Our new microscope [13, 14] is placed in an inverted dilution refrigerator [15] on top of a vibration isolated table. A single room temperature seal is sufficient to close the cryostat. The refrigerator is inverted in the sense that the sample space is on top of the refrigerator, approximately 40 cm above the table-top, a hundred liter helium dewar is suspended under the table supplying liquid He to the 4.2 K pot of the refrigerator. If the mixing chamber stage is unoccupied, cool downs to 4.2 K can be achieved in 2 h and 2 h more are sufficient to condense 35 l (STP) of mixture, with a base temperature below 40 mK. Once the refrigerator is operating, the liquid helium consumption is less then 10 l/day.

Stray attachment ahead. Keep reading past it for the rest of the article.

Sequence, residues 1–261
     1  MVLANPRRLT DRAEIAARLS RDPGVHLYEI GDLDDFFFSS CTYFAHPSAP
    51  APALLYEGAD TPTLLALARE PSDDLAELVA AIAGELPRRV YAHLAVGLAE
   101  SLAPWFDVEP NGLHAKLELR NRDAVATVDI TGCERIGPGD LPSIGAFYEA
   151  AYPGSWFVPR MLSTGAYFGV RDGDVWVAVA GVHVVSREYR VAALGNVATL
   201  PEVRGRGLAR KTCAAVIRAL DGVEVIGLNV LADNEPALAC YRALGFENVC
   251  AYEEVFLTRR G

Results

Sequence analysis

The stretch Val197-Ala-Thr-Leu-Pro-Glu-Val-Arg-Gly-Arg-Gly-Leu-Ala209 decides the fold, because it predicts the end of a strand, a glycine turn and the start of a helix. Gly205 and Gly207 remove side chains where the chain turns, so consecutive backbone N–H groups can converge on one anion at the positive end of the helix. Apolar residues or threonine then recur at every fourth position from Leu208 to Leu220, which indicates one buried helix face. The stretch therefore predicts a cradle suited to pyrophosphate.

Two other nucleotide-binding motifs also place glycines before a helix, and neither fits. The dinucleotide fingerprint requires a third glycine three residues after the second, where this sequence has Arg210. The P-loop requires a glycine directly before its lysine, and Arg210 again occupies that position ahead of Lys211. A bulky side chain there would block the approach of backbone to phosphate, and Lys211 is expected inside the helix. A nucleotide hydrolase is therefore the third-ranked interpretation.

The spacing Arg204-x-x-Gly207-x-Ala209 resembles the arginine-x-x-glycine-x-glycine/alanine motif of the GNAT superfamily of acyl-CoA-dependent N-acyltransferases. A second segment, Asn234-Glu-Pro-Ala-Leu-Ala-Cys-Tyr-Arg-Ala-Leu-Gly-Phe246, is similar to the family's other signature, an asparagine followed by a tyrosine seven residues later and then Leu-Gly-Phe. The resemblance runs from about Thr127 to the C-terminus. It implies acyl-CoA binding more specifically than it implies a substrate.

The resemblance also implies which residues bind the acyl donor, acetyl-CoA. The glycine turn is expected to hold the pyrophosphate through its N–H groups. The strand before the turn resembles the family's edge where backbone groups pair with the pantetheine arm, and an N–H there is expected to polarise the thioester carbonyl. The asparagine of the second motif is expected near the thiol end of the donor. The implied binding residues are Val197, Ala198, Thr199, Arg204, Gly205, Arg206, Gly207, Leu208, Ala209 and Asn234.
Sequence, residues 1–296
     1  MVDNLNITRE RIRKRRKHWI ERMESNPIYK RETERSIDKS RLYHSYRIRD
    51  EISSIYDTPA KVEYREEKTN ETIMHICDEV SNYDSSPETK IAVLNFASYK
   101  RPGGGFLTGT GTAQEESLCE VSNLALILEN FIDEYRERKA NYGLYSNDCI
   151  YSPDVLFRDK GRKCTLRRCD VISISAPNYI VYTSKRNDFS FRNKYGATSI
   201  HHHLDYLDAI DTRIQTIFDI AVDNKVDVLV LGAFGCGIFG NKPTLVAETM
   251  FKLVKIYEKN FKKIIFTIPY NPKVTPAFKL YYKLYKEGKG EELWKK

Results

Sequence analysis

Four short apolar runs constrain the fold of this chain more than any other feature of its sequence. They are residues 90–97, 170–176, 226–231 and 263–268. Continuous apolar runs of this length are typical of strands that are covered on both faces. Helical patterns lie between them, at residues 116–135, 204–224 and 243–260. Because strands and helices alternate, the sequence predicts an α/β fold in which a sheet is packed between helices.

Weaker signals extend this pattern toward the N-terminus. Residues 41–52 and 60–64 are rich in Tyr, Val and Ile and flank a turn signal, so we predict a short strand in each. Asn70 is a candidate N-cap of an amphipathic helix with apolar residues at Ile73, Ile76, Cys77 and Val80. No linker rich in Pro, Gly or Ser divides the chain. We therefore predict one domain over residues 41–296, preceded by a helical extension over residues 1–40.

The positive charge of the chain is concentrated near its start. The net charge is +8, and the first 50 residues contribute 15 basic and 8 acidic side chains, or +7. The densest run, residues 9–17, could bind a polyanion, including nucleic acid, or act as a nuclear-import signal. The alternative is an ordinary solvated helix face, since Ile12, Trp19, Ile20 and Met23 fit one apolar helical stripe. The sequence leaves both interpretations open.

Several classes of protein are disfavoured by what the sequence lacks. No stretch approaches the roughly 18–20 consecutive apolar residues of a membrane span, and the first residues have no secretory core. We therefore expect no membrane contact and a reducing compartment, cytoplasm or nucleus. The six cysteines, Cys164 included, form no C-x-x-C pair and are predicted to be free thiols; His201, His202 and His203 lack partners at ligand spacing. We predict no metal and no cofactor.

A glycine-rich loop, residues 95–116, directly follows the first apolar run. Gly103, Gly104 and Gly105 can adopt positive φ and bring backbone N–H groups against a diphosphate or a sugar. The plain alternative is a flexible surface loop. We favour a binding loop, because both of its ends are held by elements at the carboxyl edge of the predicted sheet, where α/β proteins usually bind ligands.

The microscope has three piezo-electrically driven linear stages for coarse displacements along the xyz-directions of the order of 5 mm (Fig. 1). The z-direction stage encloses a hollow titanium prism containing a xy-scanner [16] allowing for a scan range of 80 \(\upmu \)m in the x- and y-directions at 0.2 K, the base operating temperature. The piezo-electrical tuning fork is mechanically excited with a “thickness” piezoceramic. At room temperature the tuning fork current is amplified with a custom-built current/voltage converter of gain \(10^8\) V/A, and the voltage is demodulated with a fast lockin-amplifier [17]. The phase signal of the lockin-amplifier enters a phase locked loop, changing the excitation frequency in order to maintain the tuning fork at resonance frequency. The difference of the actual resonance frequency from the set frequency enters a PID regulation loop regulating the distance between the SQUID tip and the sample surface. The distance is controlled by a z-piezo stack [18] (C \(\sim \)1 \(\upmu \)F) attached on the xy-stage [19] and the regulation is implemented on a digital signal processing card [20]. The bandwidth of the regulation is about 1,000 Hz, which must be degraded to 100 Hz at the lowest temperature in order to limit heating due to the charging of the z-piezo stack. The usual scan speed is 80 \(\upmu \)m in 14 s. During a scan of 256 pixels 7,680 critical current measurements are accumulated at 830 Hz which takes already 9 s out of the 14 s. The microSQUID is always thermally anchored to the mixing chamber, the sample stage on the scanner is only weakly thermally anchored to the mixing chamber or the still, allowing for fast thermal cycling of the sample above its superconducting transition temperature.